On Nov. 2, the United States and its International Space Station partner nations celebrated 20 years of humans continuously living and working in outer space. Much has changed in the space environment over the past two decades, but one thing is clear: congestion in space — especially the explosive growth in space debris — has
On Nov. 2, the United States and its International Space Station partner nations celebrated 20 years of humans continuously living and working in outer space. Much has changed in the space environment over the past two decades, but one thing is clear: congestion in space — especially the explosive growth in space debris — has created an increasingly dangerous environment for our astronauts and satellites in orbit.
Policymaking needs to catch up to the reality of “heavy traffic” in the space domain. Congress should start by transferring the authority to carry out critical nondefense space situational awareness (SSA) activities from the Department of Defense to the Department of Commerce.
Putting Commerce in charge of debris tracking and warning notifications for civil, commercial, and international space actors would better leverage the department’s expertise in handling data and interfacing with innovative commercial space businesses. At a time of rising military competition in space, transferring these authorities would also free up DoD to focus its limited resources on its national security mission.
“SPACE JUNK” IS A GROWING THREAT TO SPACE OPERATIONS
When the International Space Station welcomed its first crew members, 770 active satellites were orbiting the Earth. Today, the number of satellites has climbed to over 2,600. And that number will continue to increase as megaconstellations — hundreds or thousands of internet-providing commercial satellites — are launched into low Earth orbit.
The U.S. Space Force keeps track of thousands of satellites. It also tracks some 24,000 pieces of space debris that threaten our astronauts and the billions of dollars in commercial, military, and scientific satellites that are vital to U.S. national security and the global economy. The real amount of space debris is thought to be between 500,000 and 1 million pieces, as current sensor technology cannot detect smaller objects. Space debris can travel at more than 17,000 miles per hour, and even tiny pieces can inflict severe damage to spacecraft. For example, a softball-sized piece of debris carries the energy of 660 pounds of TNT — more than enough to destroy a satellite. In a recent hearing before the Senate Commerce Committee, which I chair, NASA Administrator Jim Bridenstine testified that the agency has had to maneuver the International Space Station three times this year to avoid potential collisions with space debris.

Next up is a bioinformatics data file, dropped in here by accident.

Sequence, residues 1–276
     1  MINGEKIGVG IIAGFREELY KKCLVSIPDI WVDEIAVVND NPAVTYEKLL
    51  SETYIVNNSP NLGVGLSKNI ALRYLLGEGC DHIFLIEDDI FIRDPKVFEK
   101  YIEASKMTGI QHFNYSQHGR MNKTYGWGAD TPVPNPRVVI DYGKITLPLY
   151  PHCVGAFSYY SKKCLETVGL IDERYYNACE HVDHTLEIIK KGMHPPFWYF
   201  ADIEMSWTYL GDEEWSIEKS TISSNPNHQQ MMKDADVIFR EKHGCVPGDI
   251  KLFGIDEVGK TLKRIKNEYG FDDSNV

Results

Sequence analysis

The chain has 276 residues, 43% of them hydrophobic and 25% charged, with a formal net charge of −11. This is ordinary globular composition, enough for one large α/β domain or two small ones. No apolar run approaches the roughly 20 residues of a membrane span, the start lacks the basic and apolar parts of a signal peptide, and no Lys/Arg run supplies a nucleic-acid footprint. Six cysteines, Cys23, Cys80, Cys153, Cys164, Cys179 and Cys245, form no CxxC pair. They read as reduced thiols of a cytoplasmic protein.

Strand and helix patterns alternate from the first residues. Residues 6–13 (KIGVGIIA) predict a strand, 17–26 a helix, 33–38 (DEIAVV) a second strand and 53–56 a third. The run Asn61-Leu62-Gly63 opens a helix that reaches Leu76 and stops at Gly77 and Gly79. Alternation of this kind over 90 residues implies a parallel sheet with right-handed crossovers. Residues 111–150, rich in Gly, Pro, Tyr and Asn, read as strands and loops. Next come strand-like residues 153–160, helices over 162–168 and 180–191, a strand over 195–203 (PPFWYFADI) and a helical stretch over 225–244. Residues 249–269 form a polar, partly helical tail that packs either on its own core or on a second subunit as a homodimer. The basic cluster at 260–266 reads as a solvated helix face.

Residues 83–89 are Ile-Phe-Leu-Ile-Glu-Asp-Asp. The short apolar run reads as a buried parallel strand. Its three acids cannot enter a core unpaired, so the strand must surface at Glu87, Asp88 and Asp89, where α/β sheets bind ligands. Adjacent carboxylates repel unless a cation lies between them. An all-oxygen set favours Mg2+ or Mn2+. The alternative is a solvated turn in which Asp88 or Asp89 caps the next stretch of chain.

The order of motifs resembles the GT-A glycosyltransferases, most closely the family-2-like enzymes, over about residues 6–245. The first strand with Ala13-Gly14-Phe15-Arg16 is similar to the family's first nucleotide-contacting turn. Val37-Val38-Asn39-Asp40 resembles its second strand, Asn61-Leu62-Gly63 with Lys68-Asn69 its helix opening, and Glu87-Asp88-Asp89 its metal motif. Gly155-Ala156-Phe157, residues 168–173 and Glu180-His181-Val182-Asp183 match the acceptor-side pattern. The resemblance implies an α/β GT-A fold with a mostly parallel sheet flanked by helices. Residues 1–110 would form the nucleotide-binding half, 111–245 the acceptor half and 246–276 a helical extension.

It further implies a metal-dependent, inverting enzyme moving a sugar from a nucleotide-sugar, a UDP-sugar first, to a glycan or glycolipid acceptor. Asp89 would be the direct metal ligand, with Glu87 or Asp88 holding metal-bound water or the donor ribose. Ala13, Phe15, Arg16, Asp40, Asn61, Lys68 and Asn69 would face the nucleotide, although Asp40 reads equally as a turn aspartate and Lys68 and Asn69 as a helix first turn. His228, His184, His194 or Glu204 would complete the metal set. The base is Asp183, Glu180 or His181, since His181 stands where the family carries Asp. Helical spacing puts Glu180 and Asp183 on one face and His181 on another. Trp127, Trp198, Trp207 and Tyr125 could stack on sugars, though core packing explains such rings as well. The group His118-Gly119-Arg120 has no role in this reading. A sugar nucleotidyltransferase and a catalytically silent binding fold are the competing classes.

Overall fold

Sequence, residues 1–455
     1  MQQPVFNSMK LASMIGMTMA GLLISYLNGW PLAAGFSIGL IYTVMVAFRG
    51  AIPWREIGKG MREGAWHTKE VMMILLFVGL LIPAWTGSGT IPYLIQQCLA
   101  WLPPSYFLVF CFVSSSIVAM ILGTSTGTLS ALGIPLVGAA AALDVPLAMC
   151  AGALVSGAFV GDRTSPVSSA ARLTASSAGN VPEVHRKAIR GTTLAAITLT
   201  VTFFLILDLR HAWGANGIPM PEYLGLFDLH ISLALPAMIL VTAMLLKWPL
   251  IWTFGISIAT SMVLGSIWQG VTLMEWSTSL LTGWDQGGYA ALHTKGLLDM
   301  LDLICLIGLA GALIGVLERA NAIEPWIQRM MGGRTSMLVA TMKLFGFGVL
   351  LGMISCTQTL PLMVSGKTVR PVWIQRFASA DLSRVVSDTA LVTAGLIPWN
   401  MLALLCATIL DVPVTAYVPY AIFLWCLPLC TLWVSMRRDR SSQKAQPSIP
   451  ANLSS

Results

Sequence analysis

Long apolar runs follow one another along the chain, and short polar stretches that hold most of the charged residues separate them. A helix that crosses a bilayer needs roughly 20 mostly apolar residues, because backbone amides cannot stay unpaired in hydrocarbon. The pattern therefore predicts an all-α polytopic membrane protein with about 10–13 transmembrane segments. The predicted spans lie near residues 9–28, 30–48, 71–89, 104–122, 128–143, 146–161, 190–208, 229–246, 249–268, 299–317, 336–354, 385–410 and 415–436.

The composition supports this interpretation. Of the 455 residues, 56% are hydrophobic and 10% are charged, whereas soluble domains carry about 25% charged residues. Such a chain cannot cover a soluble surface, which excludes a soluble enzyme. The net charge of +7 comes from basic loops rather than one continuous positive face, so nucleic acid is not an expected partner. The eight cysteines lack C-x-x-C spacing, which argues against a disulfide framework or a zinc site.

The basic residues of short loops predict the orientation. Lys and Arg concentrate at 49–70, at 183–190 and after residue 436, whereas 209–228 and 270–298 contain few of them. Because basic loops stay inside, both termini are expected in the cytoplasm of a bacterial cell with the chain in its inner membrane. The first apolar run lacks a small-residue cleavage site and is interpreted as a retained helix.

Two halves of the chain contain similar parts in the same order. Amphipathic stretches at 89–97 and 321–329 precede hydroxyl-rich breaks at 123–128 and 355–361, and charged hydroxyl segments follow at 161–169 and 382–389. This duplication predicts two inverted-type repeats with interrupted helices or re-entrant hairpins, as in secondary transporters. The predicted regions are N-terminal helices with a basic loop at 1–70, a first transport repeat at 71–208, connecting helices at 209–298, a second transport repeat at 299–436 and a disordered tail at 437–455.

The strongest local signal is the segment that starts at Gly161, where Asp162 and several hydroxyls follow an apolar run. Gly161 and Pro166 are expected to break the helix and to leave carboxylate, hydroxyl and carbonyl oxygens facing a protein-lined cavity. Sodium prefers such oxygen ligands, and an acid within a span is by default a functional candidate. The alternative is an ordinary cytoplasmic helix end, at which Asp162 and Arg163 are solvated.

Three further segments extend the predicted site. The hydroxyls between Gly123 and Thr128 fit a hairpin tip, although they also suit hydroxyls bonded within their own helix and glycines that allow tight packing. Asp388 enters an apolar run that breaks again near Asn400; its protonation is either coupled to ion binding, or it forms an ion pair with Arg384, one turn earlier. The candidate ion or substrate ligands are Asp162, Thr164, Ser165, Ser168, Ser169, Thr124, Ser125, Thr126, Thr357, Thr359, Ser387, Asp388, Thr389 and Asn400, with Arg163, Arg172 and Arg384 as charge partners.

Even worse, collisions in space can create thousands of new free-floating particles. In 2007, China created an estimated 35,000 pieces of debris when it conducted an anti-satellite weapon test that destroyed a defunct weather satellite. In 2009, a collision between a commercial communications satellite and a derelict Russian military satellite created at least 1,000 pieces of orbital debris. Identifying, tracking, and avoiding this hazardous material will become more difficult as low Earth orbit becomes more congested and near-misses increase.
THE COMMERCE DEPARTMENT SHOULD HANDLE SPACE DEBRIS TRACKING & WARNING
Recognizing the need for a whole-of-government response to debris congestion, President Donald Trump signed Space Policy Directive-3 (SPD-3) in June 2018. This directive called for the Commerce Department to take responsibility for managing and providing SSA data to non-U. S. government operators. Better data will allow Commerce to provide more accurate conjunction alerts, which notify a satellite operator of potential close calls or collisions. A recent study conducted by the National Academy of Public Administration found Commerce to be the best-suited agency to provide civil SSA services given its expertise in handling large, complex data sets and interfacing with the commercial sector.
SPD-3 was a great first step, but legislation is needed to implement the vision and directives it laid out. I have introduced the Space Preservation and Conjunction Emergency Act, or SPACE Act, to accomplish these objectives. The bill would authorize the Commerce Department to provide a basic level of SSA services to civil, commercial, and international space operators in line with President Trump’s space policy.
Within the Commerce Department, the Office of Space Commerce is best situated to carry out the SPD-3 mandate. But this office carries limited clout inside the agency and operates on a shoestring budget. My bill would fix these problems by elevating the Office of Space Commerce to a Bureau of Space Commerce led by an assistant secretary, and would authorize an appropriate amount of funds to staff and execute the bureau’s mission.
ACT NOW TO PRESERVE SPACE INTO THE FUTURE
Preserving the use of space is an important priority for the entire world. The United States should lead the way by continuing to provide accurate and timely data and collision warnings, ensuring that every spacefaring nation and company has access to conjunction alerts and accurate data. Doing so would help promote responsible behavior in space and protect billions of dollars in U.S. and allied space assets.
The SPACE Act would be an important step forward in the effort to preserve low Earth orbit for spaceflight and the satellites our nation depends on. I hope my Senate colleagues will join me in this effort.
U.S. Sen. Roger Wicker is chairman of the U.S. Senate Committee on Commerce, Science and Transportation.
This article originally appeared in the Nov. 16, 2020 issue of SpaceNews magazine.